According to the Detroit Free Press: “The auto industry also argues that Mexico provides the industry with an essential location for low-cost production and says NAFTA has ensured that North America, as a region, is competitive with other leading automotive regions across the world.”
“Last year, the U.S. imported $12.5 billion worth of engines and transmissions from Mexico and $5.2 billion from Canada, according to the Center for Automotive Research. Only about one third of U.S. engines and engine-parts imports come from outside the region. – Bloomberg News”
The President’s position on NAFTA Changes Frequently
President Trump’s position on NAFTA changes frequently; some days he has intentions to walk away from the treaty, other days he is eager to negotiate some new terms. Though we do not doubt his commitment to negotiate fair treaties for the US, we believe that the experts in industry and government see the true benefits of the NAFTA in the actual data. We are supporting the process on many fronts to make sure those that want to can learn from our experience and see the actual data from the small to medium size companies that make up the majority of companies standing to be affected by a withdrawal.
This is a frequent tactic used by President Trump as a way to get leverage in negotiations for the terms he wants; preparing to walk away as a threat to get people to come back; to date, Trump has made about 35 claims to “tear up” NAFTA, only to go back (sometimes on the same day) to claim he is happy how negotiations are being conducted and that the US is confident to have a treaty done soon.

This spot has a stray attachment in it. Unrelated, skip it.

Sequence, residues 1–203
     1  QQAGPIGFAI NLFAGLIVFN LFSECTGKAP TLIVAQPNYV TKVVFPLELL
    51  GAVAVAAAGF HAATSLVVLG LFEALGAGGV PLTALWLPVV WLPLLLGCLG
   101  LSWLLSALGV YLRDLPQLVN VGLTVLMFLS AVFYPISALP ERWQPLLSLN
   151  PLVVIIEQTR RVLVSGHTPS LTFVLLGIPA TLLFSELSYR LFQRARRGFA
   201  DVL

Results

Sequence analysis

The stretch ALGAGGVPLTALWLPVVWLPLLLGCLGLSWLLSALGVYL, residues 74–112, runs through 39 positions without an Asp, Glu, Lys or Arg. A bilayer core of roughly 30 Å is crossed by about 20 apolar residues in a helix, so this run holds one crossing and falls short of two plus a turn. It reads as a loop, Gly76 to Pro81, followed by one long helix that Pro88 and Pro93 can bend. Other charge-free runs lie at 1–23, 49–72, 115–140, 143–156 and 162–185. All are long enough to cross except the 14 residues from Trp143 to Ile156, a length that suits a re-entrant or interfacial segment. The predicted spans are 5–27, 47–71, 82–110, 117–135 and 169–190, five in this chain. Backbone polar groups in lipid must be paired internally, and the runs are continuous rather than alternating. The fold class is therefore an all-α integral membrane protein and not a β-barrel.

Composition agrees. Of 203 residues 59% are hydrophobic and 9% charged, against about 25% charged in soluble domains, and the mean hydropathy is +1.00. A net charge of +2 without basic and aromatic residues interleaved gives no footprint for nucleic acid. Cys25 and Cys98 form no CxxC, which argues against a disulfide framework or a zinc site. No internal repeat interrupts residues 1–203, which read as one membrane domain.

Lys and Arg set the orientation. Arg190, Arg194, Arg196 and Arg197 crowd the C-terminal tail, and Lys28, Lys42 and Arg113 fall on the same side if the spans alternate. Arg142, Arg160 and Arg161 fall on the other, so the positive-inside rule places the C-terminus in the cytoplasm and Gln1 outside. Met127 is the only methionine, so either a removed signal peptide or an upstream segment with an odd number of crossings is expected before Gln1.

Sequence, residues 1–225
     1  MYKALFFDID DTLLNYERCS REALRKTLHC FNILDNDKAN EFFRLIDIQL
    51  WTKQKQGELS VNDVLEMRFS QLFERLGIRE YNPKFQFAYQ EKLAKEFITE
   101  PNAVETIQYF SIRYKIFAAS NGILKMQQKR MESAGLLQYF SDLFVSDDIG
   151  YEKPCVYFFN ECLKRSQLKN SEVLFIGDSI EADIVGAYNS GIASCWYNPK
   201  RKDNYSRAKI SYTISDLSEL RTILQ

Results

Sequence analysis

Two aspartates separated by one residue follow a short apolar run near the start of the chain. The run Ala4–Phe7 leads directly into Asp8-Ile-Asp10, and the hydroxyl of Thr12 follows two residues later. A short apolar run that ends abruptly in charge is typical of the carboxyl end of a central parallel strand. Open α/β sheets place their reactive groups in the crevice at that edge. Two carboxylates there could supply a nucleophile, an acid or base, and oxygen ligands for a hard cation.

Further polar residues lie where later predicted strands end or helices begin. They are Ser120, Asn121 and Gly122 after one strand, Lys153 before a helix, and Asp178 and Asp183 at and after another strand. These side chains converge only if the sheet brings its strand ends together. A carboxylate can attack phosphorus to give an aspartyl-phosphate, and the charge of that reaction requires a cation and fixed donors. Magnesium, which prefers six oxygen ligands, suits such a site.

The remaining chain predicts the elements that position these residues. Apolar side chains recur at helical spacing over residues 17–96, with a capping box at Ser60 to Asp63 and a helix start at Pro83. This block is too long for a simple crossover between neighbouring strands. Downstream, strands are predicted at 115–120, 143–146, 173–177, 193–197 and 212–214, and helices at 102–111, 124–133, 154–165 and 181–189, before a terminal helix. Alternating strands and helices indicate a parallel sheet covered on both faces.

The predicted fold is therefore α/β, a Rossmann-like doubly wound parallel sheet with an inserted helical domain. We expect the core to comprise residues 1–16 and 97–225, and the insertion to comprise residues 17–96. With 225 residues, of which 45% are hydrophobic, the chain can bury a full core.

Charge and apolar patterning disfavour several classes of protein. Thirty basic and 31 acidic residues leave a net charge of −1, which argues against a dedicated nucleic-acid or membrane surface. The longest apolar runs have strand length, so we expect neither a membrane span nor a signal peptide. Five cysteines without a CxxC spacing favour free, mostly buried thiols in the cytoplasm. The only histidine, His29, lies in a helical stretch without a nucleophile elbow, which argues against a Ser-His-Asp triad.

According to Salon, in April of this year, President Trump tweeted about going back to negotiations on NAFTA because Canada and Mexico had “begged” him to come back, however, this was far from the case.
“It turns out the reason that Trump was eager to backtrack on his promise to get out of NAFTA was not that other countries wanted his help — it’s that his base would be hardest hit: As news of the president’s plan reached Ottawa and Mexico City in the middle of the week and rattled the markets and Congress, Commerce Secretary Wilbur Ross, Agriculture Secretary Sonny Perdue and others huddled in meetings with Trump, urging him not to sign a document triggering a U.S. withdrawal from NAFTA.
Perdue even brought along a prop to the Oval Office: A map of the United States that illustrated the areas that would be hardest hit, particularly from agriculture and manufacturing losses, and highlighting that many of those states and counties were “Trump country” communities that had voted for the president in November.”
NovaLink is Committed to the Continued Success of its Customers
At NovaLink we realize the continued success of our clients depends in large part on the NAFTA being re-ratified and remaining in place. As competition in the labor market deepens, Mexico provides low-cost manufacturing allowing US companies to keep higher level, salaried, and technical positions rather than losing these jobs overseas. NAFTA makes all this possible. The loss of revenue and jobs would be a colossal mistake for numerous American industries not to mention the United States economy as a whole. Thankfully and as a fail safe, Mexico also has other trade agreements with the US that NovaLink has utilized over the years prior to NAFTA being introduced. Though not as broad as NAFTA, we are in a position to implement, where applicable, these other programs.
Should you wish to discuss in more detail your program, feel free to reach out to the professionals at NovaLink.